Have you always imagined learning to fly fish in a wilderness stream? Is there a thrill that runs through you when you picture riding bareback across a field of wildflowers, the mountains in the background?
You're finally ready to think about making that dream a reality. Buying a ranch is a big investment, and you are almost ready to take the plunge.
If you want to know more about the process and what to consider, look no further. This is your ultimate guide to owning a ranch for recreation.
Before you even get started looking for properties, you have to figure out what exactly you mean when you say ranch. Do you mean you want 25 acres of property where you can go to get away sometimes?
Maybe you'll have a few horses that the grandkids can ride when they visit.
Or maybe you mean a working ranch with 3000 acres where you can do things like hunting and fishing. You imagine raising herds of cattle and many horses. Yes, it's a retreat for the family, but it's so much more than that.
Whatever you envisage when you dream about the future, we encourage you to have a clear picture in mind. Think about precisely how much land you want and what you would like to do with it.
Whoever is going in with you on this purchase (spouse, partner, family) should be completely on board and understand the idea you have in mind. Clear goals make communication easier and the road to accomplishing them less hazardous.
Before you go all in on a property, consider the surprises you may get, and do your research. Conservation easements, mineral mining, and natural water resources may mean that other people will legally have access to your property.
You'll want to know the zoning and legalities surrounding building new structures, too. If you plan to make improvements to the buildings or build new ones, you'll need to know the rules surrounding them.
Think about those future plans you made when you were defining your terms in the first step (above). Do any of them require permissions that may be hard to get? If any of your plans hinge on the whim of someone else, consider seriously what your Plan B might be in case things don't go the way you thought.
If you have heard that a ranch should pay for itself, plus yield a small return, you are not wrong. Yet, there are many moving parts that go into yielding a return.
Ranching is hard work. If you plan to visit a few times a year for recreation, hiring good staff to maintain and care for your second home is a must.
You may also consider leasing grazing rights to a nearby rancher who wants to use the land for their livestock. You can also lease the land for farming, or for hunting and fishing rights. These are all ways to make sure that the land gets used instead of sitting and becoming unmanageable.
Maintaining a property involves things like cultivating flora to attract the kinds of wildlife you want, mending fences, and coaxing life out of previously-stagnant land. There could be ag or wildlife tax exemptions you can claim, depending on how you and the previous owners use the land.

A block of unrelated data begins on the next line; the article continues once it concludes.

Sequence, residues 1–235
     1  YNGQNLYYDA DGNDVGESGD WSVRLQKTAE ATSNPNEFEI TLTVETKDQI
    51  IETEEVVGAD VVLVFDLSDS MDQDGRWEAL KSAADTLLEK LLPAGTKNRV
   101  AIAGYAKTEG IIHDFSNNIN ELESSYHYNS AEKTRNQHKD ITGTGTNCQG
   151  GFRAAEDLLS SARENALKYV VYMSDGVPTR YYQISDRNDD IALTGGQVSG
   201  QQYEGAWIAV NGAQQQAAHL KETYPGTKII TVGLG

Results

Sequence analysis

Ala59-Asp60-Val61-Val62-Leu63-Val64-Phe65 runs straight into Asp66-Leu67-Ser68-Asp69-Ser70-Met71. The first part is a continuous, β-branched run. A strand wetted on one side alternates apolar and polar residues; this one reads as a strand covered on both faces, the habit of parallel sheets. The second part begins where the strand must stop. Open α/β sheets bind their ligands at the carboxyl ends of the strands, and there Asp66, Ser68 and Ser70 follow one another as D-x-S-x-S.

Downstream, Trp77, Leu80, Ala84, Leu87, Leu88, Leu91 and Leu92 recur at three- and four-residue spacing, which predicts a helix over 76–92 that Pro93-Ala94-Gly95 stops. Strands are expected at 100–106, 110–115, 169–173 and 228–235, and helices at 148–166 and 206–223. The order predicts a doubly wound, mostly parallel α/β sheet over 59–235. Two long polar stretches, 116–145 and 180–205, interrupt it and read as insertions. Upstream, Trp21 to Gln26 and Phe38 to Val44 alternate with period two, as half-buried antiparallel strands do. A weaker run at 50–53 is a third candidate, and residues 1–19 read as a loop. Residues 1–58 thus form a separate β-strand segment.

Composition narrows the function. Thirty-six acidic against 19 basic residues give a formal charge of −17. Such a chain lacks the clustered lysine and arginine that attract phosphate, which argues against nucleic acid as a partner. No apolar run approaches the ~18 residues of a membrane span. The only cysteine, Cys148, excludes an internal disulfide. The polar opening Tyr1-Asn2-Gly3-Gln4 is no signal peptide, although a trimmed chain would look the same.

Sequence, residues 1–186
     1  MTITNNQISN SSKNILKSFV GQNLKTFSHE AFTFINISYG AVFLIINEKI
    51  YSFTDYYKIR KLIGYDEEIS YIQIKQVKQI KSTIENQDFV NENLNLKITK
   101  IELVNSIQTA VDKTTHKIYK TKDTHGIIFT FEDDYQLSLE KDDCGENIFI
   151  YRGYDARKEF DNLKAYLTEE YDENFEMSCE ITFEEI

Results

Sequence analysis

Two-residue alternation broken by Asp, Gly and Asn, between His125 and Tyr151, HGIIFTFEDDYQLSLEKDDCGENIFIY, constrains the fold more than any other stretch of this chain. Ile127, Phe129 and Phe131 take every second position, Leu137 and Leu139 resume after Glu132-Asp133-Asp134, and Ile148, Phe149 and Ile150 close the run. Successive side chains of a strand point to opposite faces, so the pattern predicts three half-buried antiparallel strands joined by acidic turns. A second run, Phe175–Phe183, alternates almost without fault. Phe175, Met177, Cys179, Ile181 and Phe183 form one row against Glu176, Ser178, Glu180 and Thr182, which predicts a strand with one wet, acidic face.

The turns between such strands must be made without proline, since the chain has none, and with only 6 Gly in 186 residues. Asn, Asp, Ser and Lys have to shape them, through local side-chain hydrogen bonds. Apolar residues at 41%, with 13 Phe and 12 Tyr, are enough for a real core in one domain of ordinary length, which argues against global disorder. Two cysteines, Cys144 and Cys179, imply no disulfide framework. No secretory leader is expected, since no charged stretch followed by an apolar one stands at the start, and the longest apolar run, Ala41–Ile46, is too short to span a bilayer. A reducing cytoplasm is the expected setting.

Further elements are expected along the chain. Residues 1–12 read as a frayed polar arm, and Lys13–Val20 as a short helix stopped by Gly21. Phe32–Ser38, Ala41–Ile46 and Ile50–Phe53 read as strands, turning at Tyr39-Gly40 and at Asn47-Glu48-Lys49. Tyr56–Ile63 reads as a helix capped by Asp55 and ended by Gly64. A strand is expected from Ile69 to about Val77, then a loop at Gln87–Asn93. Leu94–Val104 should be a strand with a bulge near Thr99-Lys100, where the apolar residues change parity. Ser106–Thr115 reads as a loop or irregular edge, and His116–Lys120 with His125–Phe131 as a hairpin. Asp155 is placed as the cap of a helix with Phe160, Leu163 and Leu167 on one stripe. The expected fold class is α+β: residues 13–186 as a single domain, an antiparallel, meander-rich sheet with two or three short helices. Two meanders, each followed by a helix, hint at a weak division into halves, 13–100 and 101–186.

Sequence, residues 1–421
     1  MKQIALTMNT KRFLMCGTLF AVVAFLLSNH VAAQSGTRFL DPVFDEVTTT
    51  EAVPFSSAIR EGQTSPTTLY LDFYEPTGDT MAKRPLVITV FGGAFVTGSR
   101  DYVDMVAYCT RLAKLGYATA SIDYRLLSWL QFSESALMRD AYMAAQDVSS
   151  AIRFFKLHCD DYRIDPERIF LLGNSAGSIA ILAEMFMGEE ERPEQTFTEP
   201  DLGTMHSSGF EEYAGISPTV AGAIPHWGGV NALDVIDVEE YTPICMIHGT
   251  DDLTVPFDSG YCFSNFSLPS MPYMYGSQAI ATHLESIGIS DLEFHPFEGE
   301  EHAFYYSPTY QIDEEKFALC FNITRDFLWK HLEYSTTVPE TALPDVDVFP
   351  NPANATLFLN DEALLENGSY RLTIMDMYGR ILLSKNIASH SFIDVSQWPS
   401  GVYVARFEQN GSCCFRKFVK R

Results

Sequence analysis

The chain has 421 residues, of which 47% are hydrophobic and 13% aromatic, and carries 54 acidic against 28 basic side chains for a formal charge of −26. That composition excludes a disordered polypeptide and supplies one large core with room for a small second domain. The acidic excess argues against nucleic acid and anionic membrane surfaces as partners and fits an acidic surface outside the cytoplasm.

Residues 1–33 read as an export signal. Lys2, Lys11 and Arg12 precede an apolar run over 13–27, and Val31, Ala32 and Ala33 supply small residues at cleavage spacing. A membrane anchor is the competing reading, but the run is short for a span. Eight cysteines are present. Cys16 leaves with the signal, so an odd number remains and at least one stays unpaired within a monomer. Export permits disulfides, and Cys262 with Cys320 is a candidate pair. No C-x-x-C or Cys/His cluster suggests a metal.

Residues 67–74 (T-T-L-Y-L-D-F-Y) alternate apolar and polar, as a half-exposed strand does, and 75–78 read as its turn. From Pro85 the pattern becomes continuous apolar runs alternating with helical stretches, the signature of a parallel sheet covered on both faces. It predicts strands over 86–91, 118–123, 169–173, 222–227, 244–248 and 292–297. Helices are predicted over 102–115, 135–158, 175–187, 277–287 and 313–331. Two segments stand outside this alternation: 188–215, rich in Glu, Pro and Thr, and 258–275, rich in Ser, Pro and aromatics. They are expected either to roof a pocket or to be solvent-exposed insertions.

It might help to get some professional advice. Hire some inspectors to vet the land, including any water or minerals that are underneath it. You need them to give you all the information they can find so you can make an informed decision.
Speak to the town council or important local leaders to understand all the ways you can (and cannot) change the property.
Putting all these income generators and possible expenses into a budget or business plan for your ranch will help you decide if this is the right choice. Perhaps another property would better facilitate the goals you set at the beginning of your search.
When you've been dreaming of this project for as long as you have, it's easy to get excited. Especially if you finally have the financing to make your dream a reality, you can become overambitious.
Start off slowly with the land once you acquire it. Spend a year or two getting to know the town and the property you invested in.
Walk in the woods to see the wildlife. Ride your horses through the fields and streams to discover what is already available and part of your assets.
Don't over-improve too quickly. If you put too much money into the property on fancy outbuildings or luxuries you've always wanted, you may not be able to get their full value back if you ever need or want to sell. It's better to make calculated improvements and continue reevaluating as you go.
When considering buying a ranch, you must consider all the aspects of the purchase. Once you have set firm goals with your partner, you can move on to investigating legalities, budgeting, and finally moving slowly after you buy.
Follow these steps and you'll be on your way to achieving your cattle-raising dreams in no time. For more information about getting started with recreational ranching, contact us today!